What is disturbing and has very serious implications for the internal security fabric in the current times is a corrosive socio-political ecosystem that is nurturing intolerance and hate by stoking religious sentiment. This erupts as sudden yet covertly organized violence which intimidates the target and, more often than not, law enforcement agencies turn a blind eye. This reticence on the part of the police is shaped by an unstated political orientation that cynically manipulates majoritarian sentiment.
The Supreme Court directive to enact fresh legislation that will instil ‘fear’ in the heart of the mobster and prevent such acts of intimidation and violence leading to lynching is well-meaning but is unlikely to be effective. Existing laws are adequate to deal with hate speech and acts of public disturbance or violence – but only if the local police act with alacrity and in a fair and firm manner where all citizens are deemed equal. However political compulsions and electoral considerations have distorted this basic constitutional provision, which in turn allows the culture of impunity to grow in an alarming manner.
The index of internal security in a democracy stems from the credibility of law enforcement, compliance by civil society and institutional integrity that ensures speedy rendering of justice to the victim. Today in India these elements are conspicuous by their absence and criminality and impunity are spreading. The spectrum of crime is growing and not confined to mobocracy alone. Sexual violence against vulnerable children and women has become rampant. The kind of sexual depravity that is reported in the media on a daily basis reflects a dangerous regression in moral values and loss of basic humanism. This again is not due to an absence of law or inadequacy in existing provisions.
The Supreme Court of India cautions the executive about mobocracy and lynching on July 17. Three days later Akbar Khan is lynched. The Indian Parliament meets on the same day and, alas, while sharp and venomous political barbs are exchanged between the BJP and the Congress, lynching in particular and internal security in general are brushed aside as ‘state’ subjects.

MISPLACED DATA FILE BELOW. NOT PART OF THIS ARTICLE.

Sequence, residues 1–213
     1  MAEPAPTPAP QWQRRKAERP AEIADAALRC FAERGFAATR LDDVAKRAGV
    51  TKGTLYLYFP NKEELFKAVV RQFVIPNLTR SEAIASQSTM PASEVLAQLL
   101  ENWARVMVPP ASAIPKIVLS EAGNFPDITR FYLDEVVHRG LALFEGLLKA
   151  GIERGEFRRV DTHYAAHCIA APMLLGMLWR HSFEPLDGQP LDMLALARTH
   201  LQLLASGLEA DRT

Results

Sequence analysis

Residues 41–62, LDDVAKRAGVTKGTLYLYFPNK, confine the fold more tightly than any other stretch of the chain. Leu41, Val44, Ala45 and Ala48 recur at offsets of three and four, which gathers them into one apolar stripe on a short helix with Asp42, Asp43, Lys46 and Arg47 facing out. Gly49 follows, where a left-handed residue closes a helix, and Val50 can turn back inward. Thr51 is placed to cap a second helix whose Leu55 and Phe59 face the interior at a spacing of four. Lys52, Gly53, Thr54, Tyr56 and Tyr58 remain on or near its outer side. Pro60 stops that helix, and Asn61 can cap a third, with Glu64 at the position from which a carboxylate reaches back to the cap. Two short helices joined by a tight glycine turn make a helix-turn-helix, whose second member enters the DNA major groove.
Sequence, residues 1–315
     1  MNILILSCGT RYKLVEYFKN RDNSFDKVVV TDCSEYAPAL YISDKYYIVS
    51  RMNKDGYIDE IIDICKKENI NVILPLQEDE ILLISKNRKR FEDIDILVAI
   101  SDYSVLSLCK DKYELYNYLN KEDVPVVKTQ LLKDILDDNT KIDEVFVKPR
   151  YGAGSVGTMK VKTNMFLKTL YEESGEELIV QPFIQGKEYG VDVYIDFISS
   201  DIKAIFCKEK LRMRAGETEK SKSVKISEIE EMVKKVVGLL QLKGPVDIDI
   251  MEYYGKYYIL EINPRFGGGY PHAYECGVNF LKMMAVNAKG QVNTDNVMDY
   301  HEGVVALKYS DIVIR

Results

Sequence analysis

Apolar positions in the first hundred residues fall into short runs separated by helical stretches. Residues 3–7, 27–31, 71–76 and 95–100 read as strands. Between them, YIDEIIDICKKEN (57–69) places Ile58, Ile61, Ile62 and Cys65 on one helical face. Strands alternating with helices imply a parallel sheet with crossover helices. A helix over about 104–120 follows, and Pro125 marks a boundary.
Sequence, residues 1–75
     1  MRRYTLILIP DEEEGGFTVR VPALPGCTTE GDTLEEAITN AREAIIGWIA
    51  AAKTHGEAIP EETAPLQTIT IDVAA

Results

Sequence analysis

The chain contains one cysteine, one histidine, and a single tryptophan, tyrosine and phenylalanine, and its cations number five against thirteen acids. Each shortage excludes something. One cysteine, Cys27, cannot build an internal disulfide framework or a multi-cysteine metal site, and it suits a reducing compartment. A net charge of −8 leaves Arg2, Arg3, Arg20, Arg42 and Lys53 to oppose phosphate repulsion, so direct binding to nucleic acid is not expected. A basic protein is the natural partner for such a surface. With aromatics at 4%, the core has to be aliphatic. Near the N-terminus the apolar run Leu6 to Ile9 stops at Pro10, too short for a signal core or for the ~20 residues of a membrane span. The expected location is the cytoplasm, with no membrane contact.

This indifference to the internal security fabric of the country and deliberately creating a socio-political ecosystem that stokes hatred and intolerance is a recipe for disaster. Absent political will and resolve, no amount of fresh legislation will reduce the incidence of mobocracy and lynching.
One recalls a conversation with the late Nirmal Mukherjee, former cabinet secretary, at a closed-door internal security conference. He asserted that an upright district administration (comprising the collector, district magistrate and superintendent of police) had enough legal provisions under the Indian Penal Code to maintain law and order in an effective manner. He added that where fidelity to constitutional responsibility is compromised no amount of legislation will help.
The onus to restore India’s internal security to an optimum level lies with Parliament. The Supreme Court has done its duty and a former chief justice has shown the Indian State its ugly face in the mirror.
(The author is Director, Society for Policy Studies, New Delhi. He can be contacted at firstname.lastname@example.org)